HARVEY MADISON. It would be difficult indeed to find in Macoupin county a more worthy subject for review in a historical work pertaining to this section than Harvey Madison. He has been a resident of the county since 1836 and, by a life of earnest and persistent industry, he many years ago became one of the most highly respected men in Nilwood township - a man whose integrity has never been questioned, and whose acts have reflected credit upon himself and all with whom he had associated. He was born August 11, 1824, a son of Henry and Mary (Smith) Madison, the former of whom was born in Vermont and the latter in New York state. He is also a grandson of Daniel Madison, a native of England, and David Smith, who was born in Germany.
In 1836 he came with his parents to Bird township, Macoupin county, and continued under the paternal roof until 1848. In the district schools of Sangamon and Macoupin counties he gained his preliminary education, but was not satisfied with the limited training afforded in his youth and has greatly widened his knowledge by reading and observation. At the age of twenty-four he went to Montgomery county and engaged in farming on his own account, remaining there until 1855, when he returned to Macoupin county and for a short time engaged in selling merchandise in Nilwood township. Upon giving up this business, he resumed the occupation to which he had been reared and gave his close attention to agriculture and stock raising for about forty years. In 1900 he took up his residence at Carlinville but moved to Chicago in 1908 in order to be near his children. He was not satisfied with life in a large city and, after a residence of one year at the great metropolis of the lakes, he returned to Girard where he has since resided.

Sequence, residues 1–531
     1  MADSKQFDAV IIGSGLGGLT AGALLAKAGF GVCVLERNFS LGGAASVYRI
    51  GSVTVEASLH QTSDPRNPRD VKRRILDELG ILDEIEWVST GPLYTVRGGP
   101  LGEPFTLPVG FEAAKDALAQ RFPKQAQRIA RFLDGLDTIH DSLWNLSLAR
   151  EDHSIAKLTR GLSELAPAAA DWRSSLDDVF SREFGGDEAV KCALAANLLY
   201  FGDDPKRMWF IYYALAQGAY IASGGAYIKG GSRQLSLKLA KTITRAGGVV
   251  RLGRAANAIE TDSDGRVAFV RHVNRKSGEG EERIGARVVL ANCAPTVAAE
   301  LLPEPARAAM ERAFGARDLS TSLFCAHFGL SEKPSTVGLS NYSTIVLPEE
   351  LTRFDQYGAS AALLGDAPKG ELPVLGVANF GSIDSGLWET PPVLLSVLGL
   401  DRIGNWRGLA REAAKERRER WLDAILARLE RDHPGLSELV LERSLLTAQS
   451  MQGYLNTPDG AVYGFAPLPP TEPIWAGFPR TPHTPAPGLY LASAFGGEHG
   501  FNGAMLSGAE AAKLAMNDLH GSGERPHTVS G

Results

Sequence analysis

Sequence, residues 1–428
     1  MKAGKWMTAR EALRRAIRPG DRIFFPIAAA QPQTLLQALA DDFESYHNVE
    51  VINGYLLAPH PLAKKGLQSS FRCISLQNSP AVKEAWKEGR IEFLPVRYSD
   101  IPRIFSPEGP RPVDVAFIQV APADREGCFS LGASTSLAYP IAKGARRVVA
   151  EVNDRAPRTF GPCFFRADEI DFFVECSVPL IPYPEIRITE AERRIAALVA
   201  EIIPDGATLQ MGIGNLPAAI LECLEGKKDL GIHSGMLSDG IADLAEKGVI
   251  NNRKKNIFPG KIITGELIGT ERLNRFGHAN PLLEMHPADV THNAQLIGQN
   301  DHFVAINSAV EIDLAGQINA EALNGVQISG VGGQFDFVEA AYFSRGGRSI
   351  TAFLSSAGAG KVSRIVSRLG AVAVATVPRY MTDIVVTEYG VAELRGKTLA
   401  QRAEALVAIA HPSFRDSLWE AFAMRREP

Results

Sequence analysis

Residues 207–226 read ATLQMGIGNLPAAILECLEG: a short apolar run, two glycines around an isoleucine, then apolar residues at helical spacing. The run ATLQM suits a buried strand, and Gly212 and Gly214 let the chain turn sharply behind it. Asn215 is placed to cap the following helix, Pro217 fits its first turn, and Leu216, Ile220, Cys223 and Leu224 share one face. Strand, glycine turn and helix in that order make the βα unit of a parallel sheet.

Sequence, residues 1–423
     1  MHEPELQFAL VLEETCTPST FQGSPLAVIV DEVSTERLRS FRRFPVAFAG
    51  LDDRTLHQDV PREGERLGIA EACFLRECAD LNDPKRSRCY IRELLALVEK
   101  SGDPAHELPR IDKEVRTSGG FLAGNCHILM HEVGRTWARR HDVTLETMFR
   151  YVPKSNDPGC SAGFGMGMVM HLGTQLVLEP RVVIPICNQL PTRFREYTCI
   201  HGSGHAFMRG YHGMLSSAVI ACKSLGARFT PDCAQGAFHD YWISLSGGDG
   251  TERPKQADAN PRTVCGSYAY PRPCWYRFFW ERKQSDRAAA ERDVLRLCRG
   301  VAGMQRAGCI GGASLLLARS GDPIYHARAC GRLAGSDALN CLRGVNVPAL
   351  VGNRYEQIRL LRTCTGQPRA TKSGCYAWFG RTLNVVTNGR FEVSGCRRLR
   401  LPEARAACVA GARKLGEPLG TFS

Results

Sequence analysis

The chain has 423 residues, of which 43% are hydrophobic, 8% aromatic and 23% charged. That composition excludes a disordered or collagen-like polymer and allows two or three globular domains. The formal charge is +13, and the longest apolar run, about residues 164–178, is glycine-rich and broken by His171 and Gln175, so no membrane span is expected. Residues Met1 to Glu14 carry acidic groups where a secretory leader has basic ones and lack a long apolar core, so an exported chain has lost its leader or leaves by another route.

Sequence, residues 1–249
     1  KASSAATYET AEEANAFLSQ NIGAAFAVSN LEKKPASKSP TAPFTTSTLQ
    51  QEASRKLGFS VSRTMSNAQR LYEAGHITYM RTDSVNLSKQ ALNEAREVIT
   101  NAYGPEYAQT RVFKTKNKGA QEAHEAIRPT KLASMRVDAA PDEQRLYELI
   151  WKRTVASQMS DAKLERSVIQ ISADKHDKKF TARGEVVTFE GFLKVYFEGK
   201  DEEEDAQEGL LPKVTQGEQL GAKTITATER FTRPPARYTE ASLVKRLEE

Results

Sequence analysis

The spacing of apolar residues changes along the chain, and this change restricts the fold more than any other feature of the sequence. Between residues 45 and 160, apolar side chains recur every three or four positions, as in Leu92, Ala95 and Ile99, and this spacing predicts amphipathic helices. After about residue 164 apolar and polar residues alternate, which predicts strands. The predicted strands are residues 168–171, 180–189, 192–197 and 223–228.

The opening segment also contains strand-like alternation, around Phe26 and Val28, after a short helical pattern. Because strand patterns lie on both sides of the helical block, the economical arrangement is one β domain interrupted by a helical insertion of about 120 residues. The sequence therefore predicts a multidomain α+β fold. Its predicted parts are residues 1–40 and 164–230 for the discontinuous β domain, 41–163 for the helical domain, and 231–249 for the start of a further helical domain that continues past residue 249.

In 1848 Mr. Madison was married in Bird township to Miss Mary Waters, of Morgan county, Illinois, a daughter of Zachariah and Mary (Canady) Waters, both of whom were natives of Kentucky. Four sons were born to this union, two of whom, John R. and Peyton C., are living in Chicago. The other two, Zachariah and William are deceased. The mother of these children died in 1882, and two years later Mr. Madison was married in Nilwood township to Miss Rebecca Paden, of Montgomery county, Illinois, a daughter of Leroy and Jane (Fletcher) Paden, the former of whom was born in South Carolina and the latter in Kentucky. Mrs. Madison has proved to her husband a sympathetic and helpful companion and they now enjoy at ease the results of many years of patient application.
Mr. Madison gives his political support to the prohibition cause and has long been an earnest advocate of the abolition of the saloon, believing that it is the greatest evil with which the country is afflicted. He was for a number of years an active member of the Sons of Temperance and the Good Templars and assisted to the extent of his ability in advancing the interests of those organizations. He served as highway commissioner and also for several terms as member of the school board. As a young man he became connected with the Methodist church and ever since 1850 - a period of sixty-one years - he has been a steward in the church. This is a record that it would probably be impossible to parallel in the state of Illinois. Throughout life steadfast and outspoken in his views, he has been upright in his dealings and is, therefore, eminently worthy of the deep respect which is due to one who has ever heeded the voice of conscience and the call of duty.